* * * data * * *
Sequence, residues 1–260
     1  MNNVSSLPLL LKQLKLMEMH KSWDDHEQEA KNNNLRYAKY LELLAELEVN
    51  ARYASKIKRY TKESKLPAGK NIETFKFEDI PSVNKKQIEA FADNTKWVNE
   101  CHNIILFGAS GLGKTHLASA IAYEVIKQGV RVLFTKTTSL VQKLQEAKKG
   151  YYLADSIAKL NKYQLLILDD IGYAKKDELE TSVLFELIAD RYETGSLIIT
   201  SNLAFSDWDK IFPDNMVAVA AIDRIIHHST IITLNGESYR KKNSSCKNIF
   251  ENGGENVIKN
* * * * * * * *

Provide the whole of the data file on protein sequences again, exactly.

Sequence, residues 1–260
     1  MNNVSSLPLL LKQLKLMEMH KSWDDHEQEA KNNNLRYAKY LELLAELEVN
    51  ARYASKIKRY TKESKLPAGK NIETFKFEDI PSVNKKQIEA FADNTKWVNE
   101  CHNIILFGAS GLGKTHLASA IAYEVIKQGV RVLFTKTTSL VQKLQEAKKG
   151  YYLADSIAKL NKYQLLILDD IGYAKKDELE TSVLFELIAD RYETGSLIIT
   201  SNLAFSDWDK IFPDNMVAVA AIDRIIHHST IITLNGESYR KKNSSCKNIF
   251  ENGGENVIKN